How to Thrive in the Age of the Consumer

How to Thrive in the Age of the Consumer

The age of the seller has long since came and went. What I’m talking about here is the massive shift that’s happened in the marketplace now that the Internet age is well into its adolescence.

Big corporations, like cable and satellite companies, no longer have consumers in a stranglehold they cannot get out of. Consider Netflix and all the private streaming services that exist now. Same goes for small niche specialty businesses – there’s always someone “down the street” offering exactly what you do, and doing it better!

It’s very hard to offer exclusive products and services that customers can’t just as easily and affordably source from a competitor. Massive competition has bred a new class of consumer – one with numerous choices as to where and with whom they’ll spend their hard-earned money with.

Happy customer is more valuable today than ever

The age of the consumer is well underway

The only thing that makes you desirable in this day and age is how customers feel about doing business with you prior to making a purchase decision – and how they feel about you after they do business with you for the first time!

Make your customers feel valued and most important; happy with your service, and they’re much more likely to be loyal. However, loyalty is rarely guaranteed in the age of the consumer.

Product exclusivity is no more

In the age of mobile technology and social-media-driven consumerism, your ideal customer has more options than are possible to research and explore. It’s rare to find a business on Main Street that doesn’t have a competitor within walking distance. Forget about all the options available online for researching and sourcing specific products and services.

A simple Google search gives customers access to reviews of your business, and allows them to do side-by-side comparisons of your offering next to the competition. The good ole days are gone, consumers are no longer obliged to choosing based on price, product, and availability.

Consumers don’t have to sacrifice overall quality, features, or product support because of their geographic location or income level – the Internet is everywhere and shipping options are limitless.

Consider the Dollar Shave Club and the business they’re stealing from traditional manufactures who make premium razors. They can offer comparable shaving tools and accessories to customers at a fraction of the price, and deliver them right to the consumer’s door, and offer legendary support. The company is killing their competition on all fronts.

A few years ago, a customer would have had to buy generic, low-quality knockoffs if they couldn’t afford or even locate a Gillette Fusion with 5 blades. Now DSC and others make it possible for everyone to have such products.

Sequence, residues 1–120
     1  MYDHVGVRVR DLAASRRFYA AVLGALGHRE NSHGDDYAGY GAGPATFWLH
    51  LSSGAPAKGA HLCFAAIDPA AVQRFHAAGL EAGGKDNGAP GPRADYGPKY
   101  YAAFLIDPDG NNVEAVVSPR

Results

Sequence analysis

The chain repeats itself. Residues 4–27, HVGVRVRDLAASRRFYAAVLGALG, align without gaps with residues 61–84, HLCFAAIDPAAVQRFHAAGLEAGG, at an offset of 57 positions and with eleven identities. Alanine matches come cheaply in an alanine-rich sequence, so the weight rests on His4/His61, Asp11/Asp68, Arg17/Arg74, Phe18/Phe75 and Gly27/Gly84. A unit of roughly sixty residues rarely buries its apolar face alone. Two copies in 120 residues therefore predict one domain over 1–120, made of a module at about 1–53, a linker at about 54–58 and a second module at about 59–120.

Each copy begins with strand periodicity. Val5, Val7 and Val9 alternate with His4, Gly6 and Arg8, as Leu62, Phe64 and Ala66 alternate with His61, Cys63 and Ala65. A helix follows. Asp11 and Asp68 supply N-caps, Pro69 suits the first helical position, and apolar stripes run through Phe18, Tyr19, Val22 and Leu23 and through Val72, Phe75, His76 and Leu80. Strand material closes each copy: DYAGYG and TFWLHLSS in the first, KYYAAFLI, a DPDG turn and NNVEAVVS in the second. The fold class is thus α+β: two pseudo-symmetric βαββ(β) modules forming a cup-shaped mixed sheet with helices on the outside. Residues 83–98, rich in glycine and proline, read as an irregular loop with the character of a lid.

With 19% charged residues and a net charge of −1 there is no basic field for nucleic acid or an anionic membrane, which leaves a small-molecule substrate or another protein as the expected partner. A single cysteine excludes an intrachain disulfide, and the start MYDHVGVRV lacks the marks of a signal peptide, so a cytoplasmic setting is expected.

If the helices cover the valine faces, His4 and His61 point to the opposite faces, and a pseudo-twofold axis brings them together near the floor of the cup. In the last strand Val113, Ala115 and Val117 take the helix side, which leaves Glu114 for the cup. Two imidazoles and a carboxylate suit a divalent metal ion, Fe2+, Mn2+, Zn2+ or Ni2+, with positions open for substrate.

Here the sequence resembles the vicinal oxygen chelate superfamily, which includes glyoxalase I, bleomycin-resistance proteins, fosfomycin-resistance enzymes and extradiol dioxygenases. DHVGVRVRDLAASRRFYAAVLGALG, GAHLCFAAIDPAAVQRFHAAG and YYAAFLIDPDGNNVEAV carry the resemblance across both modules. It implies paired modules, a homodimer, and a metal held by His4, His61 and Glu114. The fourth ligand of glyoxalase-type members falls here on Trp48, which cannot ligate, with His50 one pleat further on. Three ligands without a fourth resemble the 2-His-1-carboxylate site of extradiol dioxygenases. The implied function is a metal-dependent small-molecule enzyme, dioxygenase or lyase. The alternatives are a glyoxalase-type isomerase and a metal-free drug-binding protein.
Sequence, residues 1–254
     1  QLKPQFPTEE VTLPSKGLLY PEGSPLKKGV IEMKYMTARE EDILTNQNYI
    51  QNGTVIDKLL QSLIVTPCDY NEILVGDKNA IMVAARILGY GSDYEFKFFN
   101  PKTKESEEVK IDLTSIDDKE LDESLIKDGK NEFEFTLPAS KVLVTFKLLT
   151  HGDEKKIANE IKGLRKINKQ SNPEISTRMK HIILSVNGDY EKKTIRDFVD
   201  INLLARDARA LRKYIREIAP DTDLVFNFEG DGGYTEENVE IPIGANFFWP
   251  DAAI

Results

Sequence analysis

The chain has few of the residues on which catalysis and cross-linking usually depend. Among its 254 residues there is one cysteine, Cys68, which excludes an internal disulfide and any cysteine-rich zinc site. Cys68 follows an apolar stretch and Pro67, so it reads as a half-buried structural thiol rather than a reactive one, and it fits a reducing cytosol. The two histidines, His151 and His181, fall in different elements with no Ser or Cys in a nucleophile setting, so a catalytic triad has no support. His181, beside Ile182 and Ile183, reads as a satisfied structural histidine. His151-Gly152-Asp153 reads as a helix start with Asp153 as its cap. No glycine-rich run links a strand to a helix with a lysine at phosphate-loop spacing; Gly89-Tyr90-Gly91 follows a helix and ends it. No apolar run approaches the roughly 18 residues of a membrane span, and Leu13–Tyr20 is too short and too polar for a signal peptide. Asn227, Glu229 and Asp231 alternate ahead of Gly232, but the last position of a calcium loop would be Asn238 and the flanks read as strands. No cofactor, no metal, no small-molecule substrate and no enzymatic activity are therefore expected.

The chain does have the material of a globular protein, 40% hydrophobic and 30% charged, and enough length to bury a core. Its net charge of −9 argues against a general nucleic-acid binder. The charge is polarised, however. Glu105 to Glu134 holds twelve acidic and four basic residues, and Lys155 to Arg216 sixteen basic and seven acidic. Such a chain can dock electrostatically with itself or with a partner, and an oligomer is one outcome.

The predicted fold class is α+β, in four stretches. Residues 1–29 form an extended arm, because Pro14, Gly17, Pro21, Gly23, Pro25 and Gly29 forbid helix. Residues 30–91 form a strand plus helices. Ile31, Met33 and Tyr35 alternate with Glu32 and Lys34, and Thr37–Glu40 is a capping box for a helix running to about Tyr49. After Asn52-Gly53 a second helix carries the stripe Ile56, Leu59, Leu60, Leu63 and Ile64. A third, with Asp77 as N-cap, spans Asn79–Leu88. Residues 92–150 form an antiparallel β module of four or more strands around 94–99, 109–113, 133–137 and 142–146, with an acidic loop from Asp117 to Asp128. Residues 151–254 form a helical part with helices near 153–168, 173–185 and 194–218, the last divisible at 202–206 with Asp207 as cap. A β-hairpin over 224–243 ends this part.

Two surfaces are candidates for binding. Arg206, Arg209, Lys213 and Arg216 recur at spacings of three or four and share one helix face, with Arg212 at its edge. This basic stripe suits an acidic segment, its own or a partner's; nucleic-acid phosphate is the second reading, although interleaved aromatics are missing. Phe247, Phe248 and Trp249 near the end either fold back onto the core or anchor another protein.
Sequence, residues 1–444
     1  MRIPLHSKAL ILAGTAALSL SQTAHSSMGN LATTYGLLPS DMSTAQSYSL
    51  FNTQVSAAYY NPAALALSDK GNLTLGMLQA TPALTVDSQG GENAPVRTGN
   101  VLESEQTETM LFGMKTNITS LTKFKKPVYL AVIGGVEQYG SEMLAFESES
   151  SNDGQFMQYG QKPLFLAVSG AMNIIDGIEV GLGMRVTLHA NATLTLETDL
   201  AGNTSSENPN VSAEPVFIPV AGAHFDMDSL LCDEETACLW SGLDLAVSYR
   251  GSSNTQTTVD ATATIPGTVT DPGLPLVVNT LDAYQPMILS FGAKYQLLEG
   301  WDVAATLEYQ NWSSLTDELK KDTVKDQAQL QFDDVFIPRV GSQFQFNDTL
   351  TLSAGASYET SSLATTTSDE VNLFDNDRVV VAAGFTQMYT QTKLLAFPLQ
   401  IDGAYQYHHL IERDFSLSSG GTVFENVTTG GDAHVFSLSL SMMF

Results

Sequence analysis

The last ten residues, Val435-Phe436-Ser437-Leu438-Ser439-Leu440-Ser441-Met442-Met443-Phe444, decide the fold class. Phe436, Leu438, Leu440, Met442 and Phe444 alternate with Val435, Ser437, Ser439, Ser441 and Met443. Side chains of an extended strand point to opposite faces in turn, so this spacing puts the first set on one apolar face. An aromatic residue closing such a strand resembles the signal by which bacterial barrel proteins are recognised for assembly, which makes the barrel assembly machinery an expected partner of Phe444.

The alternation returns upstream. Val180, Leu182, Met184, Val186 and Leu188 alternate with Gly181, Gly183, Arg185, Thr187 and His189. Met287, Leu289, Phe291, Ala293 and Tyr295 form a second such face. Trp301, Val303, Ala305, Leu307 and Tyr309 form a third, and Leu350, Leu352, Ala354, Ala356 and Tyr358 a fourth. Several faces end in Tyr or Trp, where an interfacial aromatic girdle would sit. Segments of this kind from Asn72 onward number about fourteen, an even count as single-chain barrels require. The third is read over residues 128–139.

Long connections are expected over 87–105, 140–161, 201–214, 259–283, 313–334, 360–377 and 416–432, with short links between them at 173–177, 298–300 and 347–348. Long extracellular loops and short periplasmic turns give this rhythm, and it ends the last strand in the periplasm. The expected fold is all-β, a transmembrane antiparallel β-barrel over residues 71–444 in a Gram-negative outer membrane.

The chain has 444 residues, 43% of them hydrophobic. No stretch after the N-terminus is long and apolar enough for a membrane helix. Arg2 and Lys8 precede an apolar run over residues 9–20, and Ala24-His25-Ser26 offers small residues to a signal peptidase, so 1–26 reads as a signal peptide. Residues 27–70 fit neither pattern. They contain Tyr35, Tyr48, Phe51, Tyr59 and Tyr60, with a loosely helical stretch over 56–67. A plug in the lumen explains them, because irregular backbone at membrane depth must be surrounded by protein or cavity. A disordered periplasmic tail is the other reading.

You need to get and stay front and center on consumer’s minds

The minute a customer finishes doing business with you, they’re immediately inundated with offers from the competition. When they go online and visit ad-driven websites or check their emails; when they walk down the street and see ads everywhere; when they read their favorite offline publications, etc.

It’s not enough to offer the best value anymore. There’s too much noise in the commerce space, they’ll forget you even exist within a week in most cases. Companies wishing to gain customers and maintain their client pool need to use a three-pronged approach to stay on the mind’s of consumers:

  1. Maintain an online shop where customers can view all your products and make a purchase if they wish. No online presence means you’re stuck waiting for walk-in traffic. That’s if you even have a brick and mortar presence.
  2. Blogs and social accounts mean customers have a reason to think about you even when they aren’t in a purchasing mood – making it hard for them to forget about you when the mood strikes again for your product or service.
  3. Keeping a list and reaching out to customers via emails and newsletters has never been more important. Be respectful and don’t hammer them with CTAs all the time. Use this segmentation principle to avoid annoying your customers with information and offers that aren’t relevant to them.

Service is the real differentiator

While we’re dealing with a completely new breed of technology-driven consumers, old-fashioned customer service values have never went out of style in the marketplace.

Customers still want to feel like they’re walking into Sam Malone’s fictional bar. Most of you will remember the show and hearing “Norm” shouted by everyone whenever the character entered the bar where “everybody knows your name.”

Remember these three timeless tips for offering service that will keep customers coming back time and again:

  1. Always refer to customers by name in all your interactions – in person and online. Use names often.
  2. Always stay cheerful when delivering a message – smile often during in-person interactions.
  3. Always say thanks. You can’t do this too much when it comes to customer service aimed at encouraging loyalty.

Soft drink brands

Never forget: Your company is always replaceable!

Whether you’re selling razors online or running the most popular bar in the city, you’re always replaceable. Customers have options and you don’t have the luxury of blaming them if they decide to go elsewhere. All the work falls on you and your team to do whatever it takes to make sure they make their next purchase with you when they need what you offer.

The age of the consumer has arrived? Whether you survive this current revolution depends on your ability to trump conventions and rise to the occasion.

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